• Page 101: Option 82 Server Support

    IP Routing Features Configuring DHCP Relay N o t e The routing switch’s DHCP Relay Information (Option 82) feature can be used in networks where the DHCP server(s) are compliant with RFC 3046 Option 82 operation. DHCP Servers that are not compliant with Option 82 operation ignore Option 82 fields.

  • Page 102

    IP Routing Features Configuring DHCP Relay Terminology Circuit ID: In Option 82 applications, the number of the port through which the routing switch receives a DHCP client request. On ProCurve fixed-port switches, the Circuit ID of a given port corresponds to the port number appearing on the front of the switch for that port.

  • Page 103: General Dhcp Option 82 Requirements And Operation

    IP Routing Features Configuring DHCP Relay Secondary Relay Agent: In the path between a DHCP client and a DHCP server, any routing switch (configured to support DHCP operation) other than the primary relay agent. General DHCP Option 82 Requirements and Operation Requirements.

  • Page 104: Option 82 Field Content

    IP Routing Features Configuring DHCP Relay Relay Agent 1 adds an Option 82 field to a DHCP client request, and then forwards the Option 82 Relay Agent “1” Switch request toward the server. This includes Server any client requests received from Relay Switch VLAN 4 VLAN 3...

  • Page 105

    IP Routing Features Configuring DHCP Relay policies supported by the target DHCP server do not distinguish between client requests from ports in different VLANs in the same routing switch) To view the MAC address for a given routing switch, execute the show system-information command in the CLI.

  • Page 106: Forwarding Policies

    IP Routing Features Configuring DHCP Relay Forwarding Policies DHCP Option 82 on ProCurve switches offers four forwarding policies, with an optional validation of server responses for three of the policy types (append, replace, or drop). Configuration Options for Managing DHCP Client Request Packets Option 82 DHCP Client Request Packet Inbound to the Routing Switch...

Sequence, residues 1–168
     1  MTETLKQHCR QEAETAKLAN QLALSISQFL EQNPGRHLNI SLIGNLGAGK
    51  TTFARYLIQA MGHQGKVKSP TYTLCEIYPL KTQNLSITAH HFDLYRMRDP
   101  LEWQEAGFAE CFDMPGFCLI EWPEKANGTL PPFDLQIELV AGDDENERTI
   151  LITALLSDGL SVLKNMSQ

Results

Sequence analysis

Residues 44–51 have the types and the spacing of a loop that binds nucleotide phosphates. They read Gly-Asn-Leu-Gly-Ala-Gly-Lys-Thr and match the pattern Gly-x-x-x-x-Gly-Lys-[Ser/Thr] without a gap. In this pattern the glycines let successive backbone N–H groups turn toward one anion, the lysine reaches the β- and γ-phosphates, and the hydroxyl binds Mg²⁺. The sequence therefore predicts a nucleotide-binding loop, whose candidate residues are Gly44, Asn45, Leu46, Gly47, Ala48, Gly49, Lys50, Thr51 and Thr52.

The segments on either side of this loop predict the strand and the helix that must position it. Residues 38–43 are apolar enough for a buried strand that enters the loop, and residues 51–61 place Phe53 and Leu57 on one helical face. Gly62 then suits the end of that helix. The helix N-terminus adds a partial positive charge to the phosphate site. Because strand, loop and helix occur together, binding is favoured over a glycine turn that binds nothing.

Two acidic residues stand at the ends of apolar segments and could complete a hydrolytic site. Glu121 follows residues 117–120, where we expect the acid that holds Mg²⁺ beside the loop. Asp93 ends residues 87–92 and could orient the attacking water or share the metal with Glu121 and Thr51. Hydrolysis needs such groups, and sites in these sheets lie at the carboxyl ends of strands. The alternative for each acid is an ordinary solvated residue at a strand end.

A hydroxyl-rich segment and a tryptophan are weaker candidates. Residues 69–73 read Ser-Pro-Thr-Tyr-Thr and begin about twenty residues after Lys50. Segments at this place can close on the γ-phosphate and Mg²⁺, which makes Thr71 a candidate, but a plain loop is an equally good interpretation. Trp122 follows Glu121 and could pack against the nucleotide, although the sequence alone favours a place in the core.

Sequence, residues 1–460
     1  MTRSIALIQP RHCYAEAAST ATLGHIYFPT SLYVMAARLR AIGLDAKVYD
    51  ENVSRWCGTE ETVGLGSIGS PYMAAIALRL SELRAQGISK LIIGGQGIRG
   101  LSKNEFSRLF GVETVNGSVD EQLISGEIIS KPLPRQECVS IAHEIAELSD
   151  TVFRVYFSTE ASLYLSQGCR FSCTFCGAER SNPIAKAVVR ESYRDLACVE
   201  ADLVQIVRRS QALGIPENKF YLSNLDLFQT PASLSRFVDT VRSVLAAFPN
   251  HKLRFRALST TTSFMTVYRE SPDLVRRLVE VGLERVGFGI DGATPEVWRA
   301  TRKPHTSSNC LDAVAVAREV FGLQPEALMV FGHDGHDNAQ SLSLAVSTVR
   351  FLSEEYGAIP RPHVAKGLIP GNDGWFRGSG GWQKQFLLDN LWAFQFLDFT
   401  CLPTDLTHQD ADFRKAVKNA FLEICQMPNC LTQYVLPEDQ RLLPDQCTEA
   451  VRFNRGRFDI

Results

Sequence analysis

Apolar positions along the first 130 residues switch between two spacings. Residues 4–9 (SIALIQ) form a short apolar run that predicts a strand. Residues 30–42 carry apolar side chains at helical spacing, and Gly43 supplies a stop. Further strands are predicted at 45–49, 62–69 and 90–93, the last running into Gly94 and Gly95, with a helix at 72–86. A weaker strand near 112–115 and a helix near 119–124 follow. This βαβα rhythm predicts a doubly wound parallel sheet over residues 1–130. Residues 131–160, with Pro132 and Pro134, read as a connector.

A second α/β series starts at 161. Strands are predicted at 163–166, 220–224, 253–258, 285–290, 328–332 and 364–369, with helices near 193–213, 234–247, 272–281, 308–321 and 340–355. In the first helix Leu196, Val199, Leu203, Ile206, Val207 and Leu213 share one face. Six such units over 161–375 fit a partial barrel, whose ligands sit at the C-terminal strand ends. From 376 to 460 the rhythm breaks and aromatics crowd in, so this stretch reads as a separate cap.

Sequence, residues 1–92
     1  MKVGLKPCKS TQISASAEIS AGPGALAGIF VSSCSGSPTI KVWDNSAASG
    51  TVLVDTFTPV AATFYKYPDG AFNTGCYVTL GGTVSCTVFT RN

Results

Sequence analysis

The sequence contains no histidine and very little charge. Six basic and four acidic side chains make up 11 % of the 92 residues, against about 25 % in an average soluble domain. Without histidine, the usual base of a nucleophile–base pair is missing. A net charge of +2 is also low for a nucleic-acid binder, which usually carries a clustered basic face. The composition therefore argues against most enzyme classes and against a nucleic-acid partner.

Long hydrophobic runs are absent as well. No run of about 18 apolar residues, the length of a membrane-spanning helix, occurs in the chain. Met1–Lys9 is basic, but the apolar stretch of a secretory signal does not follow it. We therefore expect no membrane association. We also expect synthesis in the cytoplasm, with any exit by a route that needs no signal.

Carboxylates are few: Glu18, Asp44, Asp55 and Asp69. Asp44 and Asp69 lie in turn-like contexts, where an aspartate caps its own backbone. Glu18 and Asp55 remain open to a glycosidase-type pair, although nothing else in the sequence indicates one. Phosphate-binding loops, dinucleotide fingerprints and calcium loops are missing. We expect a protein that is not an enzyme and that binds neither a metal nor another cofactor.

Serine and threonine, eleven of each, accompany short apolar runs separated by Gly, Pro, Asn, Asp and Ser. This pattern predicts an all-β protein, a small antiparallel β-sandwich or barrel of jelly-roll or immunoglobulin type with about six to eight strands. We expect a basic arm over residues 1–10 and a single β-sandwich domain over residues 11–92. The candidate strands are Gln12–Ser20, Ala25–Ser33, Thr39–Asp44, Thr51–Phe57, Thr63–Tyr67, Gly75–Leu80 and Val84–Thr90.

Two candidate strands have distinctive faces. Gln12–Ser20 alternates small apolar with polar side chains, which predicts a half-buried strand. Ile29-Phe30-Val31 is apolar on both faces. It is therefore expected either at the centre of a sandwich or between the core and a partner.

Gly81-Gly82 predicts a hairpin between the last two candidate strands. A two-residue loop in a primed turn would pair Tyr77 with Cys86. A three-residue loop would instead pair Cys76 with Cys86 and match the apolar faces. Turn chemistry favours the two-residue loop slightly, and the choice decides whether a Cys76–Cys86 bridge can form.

• Page 107: Multiple Option 82 Relay Agents In A Client Request Path

    IP Routing Features Configuring DHCP Relay Option 82 DHCP Client Request Packet Inbound to the Routing Switch Configuration Packet Has No Packet Includes an Option 82 Field Option 82 Field Drop Append an Drop causes the routing switch to drop an inbound client request with an Option Option 82 Field 82 field already appended.

  • Page 108: Validation Of Server Response Packets

    IP Routing Features Configuring DHCP Relay Relay Agent “A” Relay Agent “B” Relay Agent “C” VLAN VLAN VLAN VLAN VLAN VLAN DHCP Client Option Server DROP APPEND APPEND Figure 3-23. Example Configured To Allow Multiple Relay Agents To Contribute an Option 82 Field This is an enhancement of the previous example.

  • Page 109: Multinetted Vlans

    IP Routing Features Configuring DHCP Relay With validation enabled, the relay agent applies stricter rules to variations in the Option 82 field(s) of incoming server responses to determine whether to forward the response to a downstream device or to drop the response due to invalid (or missing) Option 82 information.

  • Page 110: Configuring Option

    IP Routing Features Configuring DHCP Relay ID option and a DHCP client request packet is received on a multinetted VLAN, the IP address used in the Option 82 field will identify the subnet on which the packet was received instead of the IP address for the VLAN. This enables an Option 82 DHCP server to support more narrowly defined DHCP policy boundaries instead of defining the boundaries at the VLAN or whole routing switch levels.

  • Page 111

    IP Routing Features Configuring DHCP Relay Syntax: dhcp-relay option 82 < append [validate] | replace [validate] | drop [validate] | keep > [ip | mac | mgmt-vlan] — Continued — drop: Configures the routing switch to unconditionally drop any client DHCP packet received with existing Option 82 field(s).

  • Page 112: Example Of Option 82 Configuration

    IP Routing Features Configuring DHCP Relay Example of Option 82 Configuration In the routing switch shown below, option 82 has been configured with mgmt­ vlan for the Remote ID. ProCurve(config)# dhcp-relay option 82 append mgmt-vlan The resulting effect on DHCP operation for clients X, Y, and Z is shown in table 3-6.

  • Page 113

    IP Routing Features Configuring DHCP Relay Operating Notes This implementation of DHCP relay with Option 82 complies with the ■ following RFCs: • RFC 2131 • RFC 3046 Moving a client to a different port allows the client to continue operating ■...